Nevada Teachers Union Sues to Prevent Casino Precincts
In the wake of the Nevada Culinary Workers' Union endorsement of Barack Obama, and the Nevada Democratic party's creation of at-large precincts inside Las Vegas strip hotels, the Nevada Teachers' Union and six Nevada voters have filed a federal lawsuit seeking to ban the Democratic Party from holding the newly created caucuses.
The suit alleges that the newly created voting places inside hotels violates the "one person, one vote rule" and equal protection of the law under the 14th Amendment by creating at-large precincts based solely on employment. A copy of the complaint is here (pdf.)
The lawsuit argues that the Nevada Democratic Party’s decision, decided late last year, to create at-large precincts inside nine Las Vegas resorts on caucus day violates the state’s election laws and creates a system in which voters at the at-large precincts can elect more delegates than voters at other precincts. The lawsuit employs a complex mathematical formula to show that voters at the other 1,754 precincts would have less influence with their votes.
As to the party's decision to establish the precincts inside hotels:
The at-large precincts are being established because thousands of hotel workers cannot leave work to participate in the midday caucuses in their home precincts.
The teachers union says many of their members will be unable to vote because at caucus time they are required to assist with caucuses being held at the schools they work at, even if they live in different precincts, which will prevent them from voting at their own caucuses.
By the numbers (from the lawsuit:)
The new plan drawn up by the Democratic party calls for 1,754 caucuses at which 10,446 delegates will be chosen. 7,224 of them will be from Clark County, which includes Las Vegas. Clark County has more than 4,000 registered Democrats.
Unlike primaries in which people can vote all day, caucuses in Nevada, as in Iowa and elsewhere, require voters to show up at a specified time. To enable participation by those voters who will be working at the scheduled caucus time, the party created the new precincts using a formula based on districts with more than 4,000 shift workers who could not leave work to vote, rather than one based on residency.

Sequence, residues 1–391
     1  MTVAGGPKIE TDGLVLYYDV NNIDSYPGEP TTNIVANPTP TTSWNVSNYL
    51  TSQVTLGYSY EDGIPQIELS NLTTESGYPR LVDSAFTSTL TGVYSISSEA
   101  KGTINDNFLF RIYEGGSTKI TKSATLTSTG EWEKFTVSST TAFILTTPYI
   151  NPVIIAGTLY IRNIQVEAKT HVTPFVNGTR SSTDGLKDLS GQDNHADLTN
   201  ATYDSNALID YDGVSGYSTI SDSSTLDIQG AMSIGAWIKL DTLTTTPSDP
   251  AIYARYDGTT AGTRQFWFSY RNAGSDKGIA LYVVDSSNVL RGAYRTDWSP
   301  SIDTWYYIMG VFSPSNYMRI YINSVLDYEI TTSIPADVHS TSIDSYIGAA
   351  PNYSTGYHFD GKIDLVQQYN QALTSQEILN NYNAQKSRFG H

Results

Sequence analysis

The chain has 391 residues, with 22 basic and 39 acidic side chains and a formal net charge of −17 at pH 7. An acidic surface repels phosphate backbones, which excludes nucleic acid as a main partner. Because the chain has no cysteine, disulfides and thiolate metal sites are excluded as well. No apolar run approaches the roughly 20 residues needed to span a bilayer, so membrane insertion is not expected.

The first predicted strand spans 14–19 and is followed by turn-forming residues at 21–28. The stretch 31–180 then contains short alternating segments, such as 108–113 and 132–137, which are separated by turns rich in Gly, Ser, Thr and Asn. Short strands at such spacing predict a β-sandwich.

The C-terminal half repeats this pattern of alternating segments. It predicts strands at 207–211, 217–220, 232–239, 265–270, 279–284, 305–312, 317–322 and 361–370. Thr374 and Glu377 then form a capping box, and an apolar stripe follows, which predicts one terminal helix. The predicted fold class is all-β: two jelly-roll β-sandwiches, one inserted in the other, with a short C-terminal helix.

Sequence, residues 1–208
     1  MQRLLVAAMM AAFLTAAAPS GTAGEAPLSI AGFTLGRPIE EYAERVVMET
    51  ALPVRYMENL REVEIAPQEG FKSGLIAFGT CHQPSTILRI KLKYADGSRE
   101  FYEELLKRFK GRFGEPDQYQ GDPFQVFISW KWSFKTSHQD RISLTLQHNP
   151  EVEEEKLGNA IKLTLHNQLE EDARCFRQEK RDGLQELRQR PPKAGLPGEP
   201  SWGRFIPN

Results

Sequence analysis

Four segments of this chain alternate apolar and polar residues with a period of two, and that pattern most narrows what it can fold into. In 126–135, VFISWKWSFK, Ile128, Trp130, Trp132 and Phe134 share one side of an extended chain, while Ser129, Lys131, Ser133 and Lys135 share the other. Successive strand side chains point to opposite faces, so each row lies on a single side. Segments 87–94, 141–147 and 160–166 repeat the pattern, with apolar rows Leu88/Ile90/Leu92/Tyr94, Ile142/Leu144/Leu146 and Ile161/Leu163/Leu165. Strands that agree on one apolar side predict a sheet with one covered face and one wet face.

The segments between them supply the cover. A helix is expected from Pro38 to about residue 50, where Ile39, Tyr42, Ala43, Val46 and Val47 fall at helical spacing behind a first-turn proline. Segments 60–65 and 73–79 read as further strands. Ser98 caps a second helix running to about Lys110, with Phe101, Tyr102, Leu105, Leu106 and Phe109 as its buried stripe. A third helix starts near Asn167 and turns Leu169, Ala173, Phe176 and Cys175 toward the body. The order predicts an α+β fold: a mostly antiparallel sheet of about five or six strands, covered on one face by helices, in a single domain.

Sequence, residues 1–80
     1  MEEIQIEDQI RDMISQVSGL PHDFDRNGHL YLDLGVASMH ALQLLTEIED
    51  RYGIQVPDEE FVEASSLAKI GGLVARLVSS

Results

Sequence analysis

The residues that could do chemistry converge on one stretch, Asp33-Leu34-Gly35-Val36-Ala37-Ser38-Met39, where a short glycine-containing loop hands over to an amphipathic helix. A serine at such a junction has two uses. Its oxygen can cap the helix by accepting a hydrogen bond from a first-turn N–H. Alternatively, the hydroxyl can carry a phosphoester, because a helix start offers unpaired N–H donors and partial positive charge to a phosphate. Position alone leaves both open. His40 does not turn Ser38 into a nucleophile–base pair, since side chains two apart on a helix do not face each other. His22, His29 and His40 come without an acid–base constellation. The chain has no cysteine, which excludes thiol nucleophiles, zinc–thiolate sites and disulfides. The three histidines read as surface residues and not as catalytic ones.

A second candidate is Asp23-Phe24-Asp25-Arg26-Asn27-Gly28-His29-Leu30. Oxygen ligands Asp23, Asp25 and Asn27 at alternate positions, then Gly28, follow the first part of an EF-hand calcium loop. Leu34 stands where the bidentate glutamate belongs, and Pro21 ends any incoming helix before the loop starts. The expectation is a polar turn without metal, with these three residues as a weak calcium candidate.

The new at-large precincts are all inside the Las Vegas Strip hotels. Workers attending the hotel caucuses will have to provide identification showing them to be a shift worker and sign a declaration stating they can't attend their "home" caucus because of their work schedule.
The teachers, and other workers who can't attend caucuses because of work, are not being provided special caucuses and thus they won't be able to vote.
The lawsuit then analyzes the effect of the new "at large" caucus votes and alleges that the plan gives the hotel workers a disproportionately large number of delegates. Go read the lawsuit for the exact numbers but essentially it concludes the new system will create an additional 720 delegates for Clark County, which in turn will dilute the value of a delegate assignment and the voice of the other Clark County caucus participants.
The lawsuit also says the same procedure will carry through to the state convention and the selection of national delegates and thus diminish the impact of the votes of all Democrats in Nevada, not just those in Clark County.
There are no direct ties between the Clinton campaign and the lawsuit. However, the Times notes,
The Nevada State Education Association has said it would not endorse any Democrat, but some of its top officials have endorsed Mrs. Clinton. The association’s deputy executive director, Debbie Cahill, for instance, was a founding member of Senator Clinton’s Nevada Women’s Leadership Council.
I don't think Hillary's campaign is behind this lawsuit. Hillary has consistently expressed her disapproval of a caucus system that requires presence at a certain time, thus preventing workers whose employers won't give them time off to exercise their right to vote. It was a problem in Iowa.
In thinking about other remedies, I'm wondering:
Why not a quickly passed law requiring employers to allow employees leave time for caucus voting? Would it help if caucus day were a state holiday?
What about allowing proxy voting at caucuses? The employees could group at work by residential caucus and give one designated member a declaration stating their preference, along with proof that they can't personally attend due to their work shift. The employer would agree that the designated members can attend their residential caucus to present his or her vote along with those of the other workers with proper certification. This would be applied to all workers, including teachers and hospital workers, not just casino workers.
I recognize that neither of the above is likely to be considered a feasible solution. Which leaves the question, should one group of workers be given special voting privileges just because there are so many of them?
I don't have an answer, but it does seem there is a problem.
[hat tip, Taylor Marsh]
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